What’s happening with Minnehaha County voting?

Well, folks, it’s all happening in good ole’ Minnehaha County, where they’re toiling away to serve their ever-appreciative residents. Especially the county auditor, Leah Anderson, who apparently doesn’t trust her own office’s voting system. Cue dramatic music and a low budget thriller movie plot.

First, however, let’s comprehend what’s happening here. As per a statement by Democratic Party Chair Erik Muckey, Anderson’s anxiety might throw a wrench into the perfectly running wheel of democracy in Minnehaha County. Anderson thinks something is fishy under the surface, but not everybody agrees. In fact, they think the ship sails just fine and the current is smooth as cream cheese on a bagel.

For Anderson, the main issue is the lack of training and answers from ES&S, the producer of the county’s voting machines. She feels “attacked” for asking some unspecified questions (here’s hoping it wasn’t about their favorite pizza topping or if they prefer Star Wars over Star Trek). She wants to audit the entire system from start to end, which could be a fun time if you’re into that sort of thing.

Then enters Mike Mathis, the elections coordinator, and ex-member of the South Dakota Canvassing Group, which, in layman’s terms, prefers old school, hand-counted ballots. Mathis is worried about their reputation, which could be damaged if years down the line someone finds modems in these machines.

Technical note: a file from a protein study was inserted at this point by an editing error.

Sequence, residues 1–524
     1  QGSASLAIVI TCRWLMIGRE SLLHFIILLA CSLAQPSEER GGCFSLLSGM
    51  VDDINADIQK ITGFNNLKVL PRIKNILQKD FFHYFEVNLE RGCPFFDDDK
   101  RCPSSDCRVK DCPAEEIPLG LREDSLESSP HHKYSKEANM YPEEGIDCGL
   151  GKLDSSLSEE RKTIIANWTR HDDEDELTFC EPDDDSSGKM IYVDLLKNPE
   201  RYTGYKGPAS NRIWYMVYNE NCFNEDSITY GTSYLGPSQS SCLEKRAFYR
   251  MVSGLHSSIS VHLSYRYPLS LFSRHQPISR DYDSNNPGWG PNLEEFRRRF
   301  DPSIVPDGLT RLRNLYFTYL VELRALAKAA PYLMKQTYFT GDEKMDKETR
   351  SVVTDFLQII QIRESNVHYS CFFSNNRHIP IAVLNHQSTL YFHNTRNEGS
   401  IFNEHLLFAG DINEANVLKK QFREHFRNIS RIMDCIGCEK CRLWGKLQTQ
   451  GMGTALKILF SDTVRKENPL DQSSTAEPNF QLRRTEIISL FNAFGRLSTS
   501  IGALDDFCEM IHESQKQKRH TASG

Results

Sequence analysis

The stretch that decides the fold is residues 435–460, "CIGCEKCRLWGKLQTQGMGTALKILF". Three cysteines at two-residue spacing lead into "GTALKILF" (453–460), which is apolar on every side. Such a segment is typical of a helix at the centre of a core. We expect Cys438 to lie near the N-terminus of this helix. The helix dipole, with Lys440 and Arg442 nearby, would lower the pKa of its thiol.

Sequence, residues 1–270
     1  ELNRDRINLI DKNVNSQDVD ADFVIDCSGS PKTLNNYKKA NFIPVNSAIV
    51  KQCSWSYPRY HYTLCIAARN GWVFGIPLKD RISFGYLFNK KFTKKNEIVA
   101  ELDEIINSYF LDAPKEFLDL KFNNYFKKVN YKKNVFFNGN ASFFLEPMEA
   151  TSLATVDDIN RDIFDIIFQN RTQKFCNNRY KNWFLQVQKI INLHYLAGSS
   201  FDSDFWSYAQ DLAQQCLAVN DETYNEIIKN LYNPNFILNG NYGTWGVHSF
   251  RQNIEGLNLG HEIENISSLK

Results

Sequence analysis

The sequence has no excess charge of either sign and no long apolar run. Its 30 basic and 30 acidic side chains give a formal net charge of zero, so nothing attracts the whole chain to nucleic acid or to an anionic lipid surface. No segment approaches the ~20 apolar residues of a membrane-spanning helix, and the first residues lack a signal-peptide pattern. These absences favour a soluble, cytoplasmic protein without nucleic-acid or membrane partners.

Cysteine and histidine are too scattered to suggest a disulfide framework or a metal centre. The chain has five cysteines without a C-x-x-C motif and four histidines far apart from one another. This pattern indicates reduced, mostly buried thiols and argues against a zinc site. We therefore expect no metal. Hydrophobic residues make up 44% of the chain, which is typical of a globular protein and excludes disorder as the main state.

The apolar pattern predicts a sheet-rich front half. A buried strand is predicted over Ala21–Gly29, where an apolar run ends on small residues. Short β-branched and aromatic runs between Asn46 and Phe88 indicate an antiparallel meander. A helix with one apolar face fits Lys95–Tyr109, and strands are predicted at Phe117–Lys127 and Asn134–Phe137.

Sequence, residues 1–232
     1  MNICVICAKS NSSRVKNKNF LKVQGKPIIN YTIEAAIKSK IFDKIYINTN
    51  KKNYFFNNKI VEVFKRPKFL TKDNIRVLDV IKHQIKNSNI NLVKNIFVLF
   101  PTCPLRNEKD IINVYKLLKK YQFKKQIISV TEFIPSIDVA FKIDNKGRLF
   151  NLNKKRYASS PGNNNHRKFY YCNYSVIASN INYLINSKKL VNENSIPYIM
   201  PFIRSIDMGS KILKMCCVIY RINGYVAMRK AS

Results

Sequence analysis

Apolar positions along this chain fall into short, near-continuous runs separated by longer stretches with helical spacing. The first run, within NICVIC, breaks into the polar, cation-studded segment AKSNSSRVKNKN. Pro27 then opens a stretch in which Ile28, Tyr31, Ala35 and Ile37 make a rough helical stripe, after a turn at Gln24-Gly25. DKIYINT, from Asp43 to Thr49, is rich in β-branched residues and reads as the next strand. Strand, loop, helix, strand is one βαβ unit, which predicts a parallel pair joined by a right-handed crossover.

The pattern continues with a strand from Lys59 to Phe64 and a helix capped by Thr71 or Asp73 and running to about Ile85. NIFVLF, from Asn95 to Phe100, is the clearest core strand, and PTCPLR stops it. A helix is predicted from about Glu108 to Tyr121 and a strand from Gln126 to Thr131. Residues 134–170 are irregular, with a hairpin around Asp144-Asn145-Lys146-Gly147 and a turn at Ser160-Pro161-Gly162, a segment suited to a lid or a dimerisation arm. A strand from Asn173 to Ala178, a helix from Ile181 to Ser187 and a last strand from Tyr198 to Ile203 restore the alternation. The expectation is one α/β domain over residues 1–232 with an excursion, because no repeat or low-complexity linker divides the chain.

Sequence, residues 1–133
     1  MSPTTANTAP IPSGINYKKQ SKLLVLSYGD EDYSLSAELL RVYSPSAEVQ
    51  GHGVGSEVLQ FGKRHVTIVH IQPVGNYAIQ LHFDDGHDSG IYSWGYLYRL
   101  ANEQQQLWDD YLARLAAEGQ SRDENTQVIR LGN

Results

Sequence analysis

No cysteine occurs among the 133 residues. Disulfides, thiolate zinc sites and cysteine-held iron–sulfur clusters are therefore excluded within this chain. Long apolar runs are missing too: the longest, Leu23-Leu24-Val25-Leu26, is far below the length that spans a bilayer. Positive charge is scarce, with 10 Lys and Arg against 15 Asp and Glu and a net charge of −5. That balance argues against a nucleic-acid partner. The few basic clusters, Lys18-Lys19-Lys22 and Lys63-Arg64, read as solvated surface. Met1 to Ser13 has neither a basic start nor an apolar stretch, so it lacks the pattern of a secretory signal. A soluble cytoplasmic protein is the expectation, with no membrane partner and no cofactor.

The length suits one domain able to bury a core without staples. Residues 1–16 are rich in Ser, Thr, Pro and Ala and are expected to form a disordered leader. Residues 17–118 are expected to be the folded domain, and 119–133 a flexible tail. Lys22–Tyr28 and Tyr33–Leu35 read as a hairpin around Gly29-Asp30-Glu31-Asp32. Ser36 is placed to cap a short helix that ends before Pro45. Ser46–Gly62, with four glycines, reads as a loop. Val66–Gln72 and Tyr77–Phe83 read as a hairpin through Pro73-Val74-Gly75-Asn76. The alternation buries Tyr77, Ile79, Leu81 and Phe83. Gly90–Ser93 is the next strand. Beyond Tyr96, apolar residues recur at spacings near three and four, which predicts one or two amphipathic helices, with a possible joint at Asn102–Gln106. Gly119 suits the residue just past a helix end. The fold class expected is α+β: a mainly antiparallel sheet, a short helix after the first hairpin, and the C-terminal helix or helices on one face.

A twist in our tale comes when Anderson reveals she had two dozen supporters secretly tuned into the call. A sneaky move, as if we’re suddenly in a surprise episode of a reality TV show. Among her supporters, District 8’s very own House seat candidate Rick Weible, who’s also a fan of the Lindell Report. It’s a small world after all.

But the critics are abound. Senator Liz Larson, D-Minnehaha, reminds us that tabulating votes should be robust, reliable, and safe. A fair point, clearly, but she goes a step further, suggesting that the recent discussions are in reverse gear, starting from skepticism and mistrust. Larson and Muckey seem to be on the same page, batting for user-friendly voting, increased voter turnout, and protecting voters’ rights.

Anderson’s idea of randomly doing hand counts at the precinct level was met with disdain by some members of the Minnehaha County Commission. Larson finds the idea of resorting to hand-counting absurd, especially when machines and software were invented to avoid the inherent unreliability of human error.

Anderson, in a teeth-gritting moment, counters that Secretary of State Monae Johnson has forced them into a tricky position, between hand count or going with ES&S. She’s left questioning if machines should count but not use the reporting software. A classic would-you-rather situation.

So far, Anderson and Johnson’s offices have been on silent mode, like monks in deep meditation, with no replies to our queries. But don’t fret, dear Minnehaha County citizens, these shenanigans will continue, and we’ll be right here, watching, waiting, and occasionally cracking a joke or two. Until then, stay tuned and keep voting. Or not. No one is forcing you either way.

What’s happening with Minnehaha County voting?
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